You can now validate the connection to your SQL Server database by the normal Oracle tnsping utility.

C:\>tnsping mysqlserverdsn

TNS Ping Utility for 32-bit Windows: Version 10.1.0.2.0 - Production on 01-DEC-2004 13:19:54

Copyright (c) 1997, 2003, Oracle.  All rights reserved.

Used parameter files:
d:\oracle\product\10.1.0\db_1\network\admin\sqlnet.ora


Used TNSNAMES adapter to resolve the alias
Attempting to contact (DESCRIPTION= (ADDRESS=(PROTOCOL=tcp)(HOST=localhost)(PORT=1522)) 
  (CONNECT_DATA=(SID=MYSQLSERVERDSN)) (HS=OK))

OK (30 msec)

7. Create a Database Link within Your Oracle Database

Since we would like to connect from our Oracle database and select information from the SQL Server database, we need to create a database link just as if we were connecting to any other remote Oracle database. I have used the default sa login from SQL Server but you may wish to create your own.

SQL> create database link mysqlserverdsn 
     connect to sa identified by  using 'MYSQLSERVERDSN';

Database link created.

8. Select some data

This is the fun part as it is the culmination of what we were trying to do. You may describe the tables from SQL Server just as you have done with Oracle in the past and then use a SELECT command. Note that my select statement has double quotes and exact upper and lower cases for the SQL Server query. This is required, at least I tried every combination and none worked except this way.

SQL> desc employees@mysqlserverdsn
 Name                                      Null?    Type
 ----------------------------------------- -------- ----------------------------
 EmployeeID                                NOT NULL NUMBER(10)
 LastName                                  NOT NULL VARCHAR2(20)
 FirstName                                 NOT NULL VARCHAR2(10)
 Title                                              VARCHAR2(30)
 TitleOfCourtesy                                    VARCHAR2(25)
 BirthDate                                          DATE
 HireDate                                           DATE
 Address                                            VARCHAR2(60)
 City                                               VARCHAR2(15)
 Region                                             VARCHAR2(15)
 PostalCode                                         VARCHAR2(10)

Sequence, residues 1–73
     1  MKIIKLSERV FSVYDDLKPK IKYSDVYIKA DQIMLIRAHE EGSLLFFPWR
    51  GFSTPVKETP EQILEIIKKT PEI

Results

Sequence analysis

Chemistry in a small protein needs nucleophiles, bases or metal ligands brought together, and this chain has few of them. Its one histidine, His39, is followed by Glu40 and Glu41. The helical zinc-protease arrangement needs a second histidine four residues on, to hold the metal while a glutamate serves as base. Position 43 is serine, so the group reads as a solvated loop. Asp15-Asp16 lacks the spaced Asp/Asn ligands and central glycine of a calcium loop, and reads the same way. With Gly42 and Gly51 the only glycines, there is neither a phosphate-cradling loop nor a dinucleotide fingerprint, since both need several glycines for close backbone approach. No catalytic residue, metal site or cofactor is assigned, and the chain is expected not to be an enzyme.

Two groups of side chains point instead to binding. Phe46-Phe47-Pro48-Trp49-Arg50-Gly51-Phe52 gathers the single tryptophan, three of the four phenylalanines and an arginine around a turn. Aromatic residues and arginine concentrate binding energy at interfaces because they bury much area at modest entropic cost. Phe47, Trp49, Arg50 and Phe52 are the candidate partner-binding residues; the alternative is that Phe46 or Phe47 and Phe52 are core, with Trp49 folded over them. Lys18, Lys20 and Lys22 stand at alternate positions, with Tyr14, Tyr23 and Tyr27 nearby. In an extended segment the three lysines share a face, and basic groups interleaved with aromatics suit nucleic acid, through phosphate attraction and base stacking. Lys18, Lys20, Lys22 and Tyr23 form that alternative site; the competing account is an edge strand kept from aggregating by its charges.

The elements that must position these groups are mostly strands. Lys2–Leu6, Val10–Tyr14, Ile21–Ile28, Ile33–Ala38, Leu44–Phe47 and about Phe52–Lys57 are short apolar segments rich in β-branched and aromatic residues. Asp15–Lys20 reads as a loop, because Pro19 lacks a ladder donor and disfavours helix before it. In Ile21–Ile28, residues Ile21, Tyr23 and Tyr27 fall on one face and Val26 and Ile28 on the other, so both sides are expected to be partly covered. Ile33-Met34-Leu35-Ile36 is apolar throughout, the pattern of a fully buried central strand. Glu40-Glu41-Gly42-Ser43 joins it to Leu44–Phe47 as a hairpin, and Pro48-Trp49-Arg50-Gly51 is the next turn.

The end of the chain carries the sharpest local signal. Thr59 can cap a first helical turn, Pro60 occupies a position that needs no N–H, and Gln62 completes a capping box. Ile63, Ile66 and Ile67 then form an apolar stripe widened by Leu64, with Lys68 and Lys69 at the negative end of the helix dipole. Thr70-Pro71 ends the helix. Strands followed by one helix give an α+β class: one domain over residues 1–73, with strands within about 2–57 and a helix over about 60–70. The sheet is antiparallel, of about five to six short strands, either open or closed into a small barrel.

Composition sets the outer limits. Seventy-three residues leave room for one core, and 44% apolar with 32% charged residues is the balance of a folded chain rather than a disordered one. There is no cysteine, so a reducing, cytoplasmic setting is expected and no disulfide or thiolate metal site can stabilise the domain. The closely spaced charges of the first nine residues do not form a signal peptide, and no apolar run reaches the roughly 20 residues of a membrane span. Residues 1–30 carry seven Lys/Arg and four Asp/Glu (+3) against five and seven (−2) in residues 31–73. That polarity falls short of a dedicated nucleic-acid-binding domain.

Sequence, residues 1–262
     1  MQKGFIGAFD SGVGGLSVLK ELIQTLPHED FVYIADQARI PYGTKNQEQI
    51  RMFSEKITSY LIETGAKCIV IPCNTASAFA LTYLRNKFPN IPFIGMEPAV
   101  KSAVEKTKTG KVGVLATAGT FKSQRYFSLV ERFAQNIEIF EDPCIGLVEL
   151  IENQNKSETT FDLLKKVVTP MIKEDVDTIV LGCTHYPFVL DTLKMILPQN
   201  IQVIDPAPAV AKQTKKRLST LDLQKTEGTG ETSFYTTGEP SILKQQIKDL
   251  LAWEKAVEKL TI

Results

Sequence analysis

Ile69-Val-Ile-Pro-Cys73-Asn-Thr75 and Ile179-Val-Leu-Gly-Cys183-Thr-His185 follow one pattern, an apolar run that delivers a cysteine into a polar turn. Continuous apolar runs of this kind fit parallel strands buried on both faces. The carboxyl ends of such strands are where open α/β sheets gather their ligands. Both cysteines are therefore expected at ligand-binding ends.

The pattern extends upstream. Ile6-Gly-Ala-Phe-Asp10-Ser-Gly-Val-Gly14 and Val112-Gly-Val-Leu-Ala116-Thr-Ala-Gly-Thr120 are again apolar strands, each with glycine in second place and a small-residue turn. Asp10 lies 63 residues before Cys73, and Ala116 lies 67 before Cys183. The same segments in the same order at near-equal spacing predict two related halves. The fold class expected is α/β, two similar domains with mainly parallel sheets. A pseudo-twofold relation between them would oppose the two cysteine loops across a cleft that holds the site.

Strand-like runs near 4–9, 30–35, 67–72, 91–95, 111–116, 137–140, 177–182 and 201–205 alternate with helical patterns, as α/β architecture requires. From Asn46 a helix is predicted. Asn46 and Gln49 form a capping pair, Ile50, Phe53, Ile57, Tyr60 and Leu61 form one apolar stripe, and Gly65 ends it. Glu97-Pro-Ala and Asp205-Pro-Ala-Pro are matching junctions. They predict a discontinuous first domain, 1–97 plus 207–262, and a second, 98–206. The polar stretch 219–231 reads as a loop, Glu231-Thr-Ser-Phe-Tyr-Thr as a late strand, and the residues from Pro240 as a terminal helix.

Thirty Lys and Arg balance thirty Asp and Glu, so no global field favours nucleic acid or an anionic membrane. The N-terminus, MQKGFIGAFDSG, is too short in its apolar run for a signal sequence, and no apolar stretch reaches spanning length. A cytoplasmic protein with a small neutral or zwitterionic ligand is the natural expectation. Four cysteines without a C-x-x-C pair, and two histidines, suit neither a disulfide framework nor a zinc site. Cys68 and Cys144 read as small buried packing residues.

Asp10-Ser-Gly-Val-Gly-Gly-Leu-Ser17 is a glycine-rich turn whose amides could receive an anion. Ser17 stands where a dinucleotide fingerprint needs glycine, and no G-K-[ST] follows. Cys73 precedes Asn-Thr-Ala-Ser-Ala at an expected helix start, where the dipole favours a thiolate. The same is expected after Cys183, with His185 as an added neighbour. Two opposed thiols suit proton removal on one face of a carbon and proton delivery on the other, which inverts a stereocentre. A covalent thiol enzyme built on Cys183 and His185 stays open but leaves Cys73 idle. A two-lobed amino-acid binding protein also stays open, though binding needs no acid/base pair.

Country                                            VARCHAR2(15)
 HomePhone                                          VARCHAR2(24)
 Extension                                          VARCHAR2(4)
 Photo                                              LONG RAW
 Notes                                              LONG
 ReportsTo                                          NUMBER(10)
 PhotoPath                                          VARCHAR2(32512 CHAR)

SQL> select "EmployeeID","LastName","FirstName" from employees@mysqlserverdsn;

EmployeeID LastName             FirstName
---------- -------------------- ----------
         1 Davolio              Nancy
         2 Fuller               Andrew
         3 Leverling            Janet
         4 Peacock              Margaret
         5 Buchanan             Steven
         6 Suyama               Michael
         7 King                 Robert
         8 Callahan             Laura
         9 Dodsworth            Anne

9 rows selected. 

I have to say this was fun, although it took me quite a while to figure some of the specifics and nuances of this type of connection. I hope that you will not need to spend as much time as I since I have gone through some of the headaches. I would also suggest you read some of the Oracle manual "Heterogeneous Connectivity Administrator's Guide" and look at some of the particulars and issues around interacting with SQL Server through this ODBC connection. Happy SELECTing.

» See All Articles by Columnist James Koopmann

Share:
Home
Mobile Site | Full Site
Copyright 2017 © QuinStreet Inc. All Rights Reserved